Review: Speak by Laurie Halse Anderson
Published April 1st, 2001 by Puffin (first published October 22nd, 1999).
Melinda Sordino busted an end-of-summer party by calling the cops. Now her old friends won’t talk to her, and people she doesn’t even know hate her from a distance. The safest place to be is alone, inside her own head. But even that’s not safe. Because there’s something she’s trying not to think about, something about the night of the party that, if she let it in, would blow her carefully constructed disguise to smithereens. And then she would have to speak the truth. This extraordinary first novel has captured the imaginations of teenagers and adults across the country. (Goodreads)
I’ve heard very few things about Speak. Wwhat I did hear was that this would pull at my heartstrings. I also knew that anyone who read it loved it. Now I see why. The writing is beautiful but also powerful. Speak tells the story of a young girl that is hated by everyone around her. She used to have friends, but now she is alone. After calling the cops at an end of summer party her life will never be the same. It takes a while to learn what happened, but the journey is in the story, waiting for the truth to reveal itself. It is both tragic and possibly expected, but it’s the way the story is revealed, the way the young girl fights to live despite feeling alone, abandoned, and ruined. Can she find her voice after it has been taken from her for so long?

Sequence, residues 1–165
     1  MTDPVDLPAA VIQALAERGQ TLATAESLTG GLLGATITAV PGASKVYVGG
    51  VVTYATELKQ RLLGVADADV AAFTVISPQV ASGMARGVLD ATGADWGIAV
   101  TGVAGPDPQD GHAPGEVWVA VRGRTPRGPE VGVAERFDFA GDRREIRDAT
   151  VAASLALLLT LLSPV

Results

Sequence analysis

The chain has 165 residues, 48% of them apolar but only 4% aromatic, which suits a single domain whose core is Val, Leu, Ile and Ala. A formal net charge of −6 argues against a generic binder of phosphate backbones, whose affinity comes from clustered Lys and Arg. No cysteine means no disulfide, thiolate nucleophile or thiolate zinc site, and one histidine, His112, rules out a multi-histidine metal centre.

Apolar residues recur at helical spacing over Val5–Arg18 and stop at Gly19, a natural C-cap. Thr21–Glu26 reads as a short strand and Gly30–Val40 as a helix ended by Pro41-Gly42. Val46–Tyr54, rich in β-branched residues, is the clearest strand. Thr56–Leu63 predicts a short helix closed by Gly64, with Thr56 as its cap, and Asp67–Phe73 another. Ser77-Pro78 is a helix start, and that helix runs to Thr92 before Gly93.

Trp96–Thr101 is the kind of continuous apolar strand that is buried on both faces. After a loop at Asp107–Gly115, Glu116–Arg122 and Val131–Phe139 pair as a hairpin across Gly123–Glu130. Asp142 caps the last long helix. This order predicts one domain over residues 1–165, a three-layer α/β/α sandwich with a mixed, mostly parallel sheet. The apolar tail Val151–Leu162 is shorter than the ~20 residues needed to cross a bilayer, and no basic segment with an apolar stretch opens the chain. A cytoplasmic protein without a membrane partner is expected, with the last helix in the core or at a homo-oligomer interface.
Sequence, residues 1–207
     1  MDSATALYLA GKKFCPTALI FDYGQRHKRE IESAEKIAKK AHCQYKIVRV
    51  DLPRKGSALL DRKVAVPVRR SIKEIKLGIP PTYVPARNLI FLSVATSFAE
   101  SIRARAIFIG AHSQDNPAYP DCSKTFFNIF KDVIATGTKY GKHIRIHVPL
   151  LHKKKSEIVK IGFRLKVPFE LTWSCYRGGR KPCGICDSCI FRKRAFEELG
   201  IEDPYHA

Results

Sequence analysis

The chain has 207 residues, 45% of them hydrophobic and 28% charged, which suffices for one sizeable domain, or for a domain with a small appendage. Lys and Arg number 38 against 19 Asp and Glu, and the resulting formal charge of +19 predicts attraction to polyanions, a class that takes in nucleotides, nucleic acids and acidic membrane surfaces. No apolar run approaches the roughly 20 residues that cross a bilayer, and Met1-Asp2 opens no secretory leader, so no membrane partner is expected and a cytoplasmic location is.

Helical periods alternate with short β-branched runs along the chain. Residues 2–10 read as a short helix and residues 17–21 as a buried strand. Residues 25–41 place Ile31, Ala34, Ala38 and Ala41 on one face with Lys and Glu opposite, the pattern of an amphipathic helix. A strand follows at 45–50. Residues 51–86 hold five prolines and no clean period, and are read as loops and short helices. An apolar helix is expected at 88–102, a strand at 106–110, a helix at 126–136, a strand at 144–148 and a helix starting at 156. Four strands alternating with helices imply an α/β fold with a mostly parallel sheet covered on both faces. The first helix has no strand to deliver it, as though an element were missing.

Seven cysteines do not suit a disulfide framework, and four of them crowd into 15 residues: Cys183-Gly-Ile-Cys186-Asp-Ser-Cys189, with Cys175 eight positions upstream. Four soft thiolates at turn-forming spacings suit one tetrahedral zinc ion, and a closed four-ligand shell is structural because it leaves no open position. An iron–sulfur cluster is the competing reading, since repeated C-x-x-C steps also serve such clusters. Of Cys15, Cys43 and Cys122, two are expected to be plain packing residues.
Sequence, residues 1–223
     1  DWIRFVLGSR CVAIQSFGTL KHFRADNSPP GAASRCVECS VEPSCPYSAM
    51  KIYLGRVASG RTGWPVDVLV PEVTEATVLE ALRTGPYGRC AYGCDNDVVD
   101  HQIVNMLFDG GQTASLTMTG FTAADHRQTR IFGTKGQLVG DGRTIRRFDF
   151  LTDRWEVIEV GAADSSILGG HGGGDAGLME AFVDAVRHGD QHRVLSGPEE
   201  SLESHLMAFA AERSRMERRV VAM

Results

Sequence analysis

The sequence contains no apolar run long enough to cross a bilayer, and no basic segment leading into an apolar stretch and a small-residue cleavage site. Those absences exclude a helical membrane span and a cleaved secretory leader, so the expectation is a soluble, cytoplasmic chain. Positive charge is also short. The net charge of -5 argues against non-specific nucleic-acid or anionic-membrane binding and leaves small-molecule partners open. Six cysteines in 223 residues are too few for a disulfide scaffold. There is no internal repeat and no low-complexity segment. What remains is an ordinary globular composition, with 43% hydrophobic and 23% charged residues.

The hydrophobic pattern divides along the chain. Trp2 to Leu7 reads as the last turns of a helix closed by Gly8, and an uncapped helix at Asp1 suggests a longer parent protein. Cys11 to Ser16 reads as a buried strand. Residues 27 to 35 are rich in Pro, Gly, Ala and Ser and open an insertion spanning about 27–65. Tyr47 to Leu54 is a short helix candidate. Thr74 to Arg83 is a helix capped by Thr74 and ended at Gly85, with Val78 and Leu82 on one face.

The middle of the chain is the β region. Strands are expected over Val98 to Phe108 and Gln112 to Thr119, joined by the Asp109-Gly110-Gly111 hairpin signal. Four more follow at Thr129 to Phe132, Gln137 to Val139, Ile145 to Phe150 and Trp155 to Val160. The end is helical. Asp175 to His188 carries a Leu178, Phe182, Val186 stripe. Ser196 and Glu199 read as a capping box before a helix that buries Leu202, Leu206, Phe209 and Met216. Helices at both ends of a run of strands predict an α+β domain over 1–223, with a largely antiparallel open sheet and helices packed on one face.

Stories like this unfortunately happen in real life. For all I knew I was reading one of those stories. That’s what hurt so much. This story also reflects our inability or unwillingness to listen to the unsaid. It proves that high school can be rough, that kids can be cruel, but that you can also be strong.
Melinda’s story unfolds during four marking periods of her first year in high school. Each marking period is graded and things get worse before there’s even a hope of getting better. This is a must read for all teens. I enjoyed the story and writing so much I picked up Wintergirls by Laurie Halse Anderson next and it was equally amazing, maybe even more so. I rated Speak 4 stars.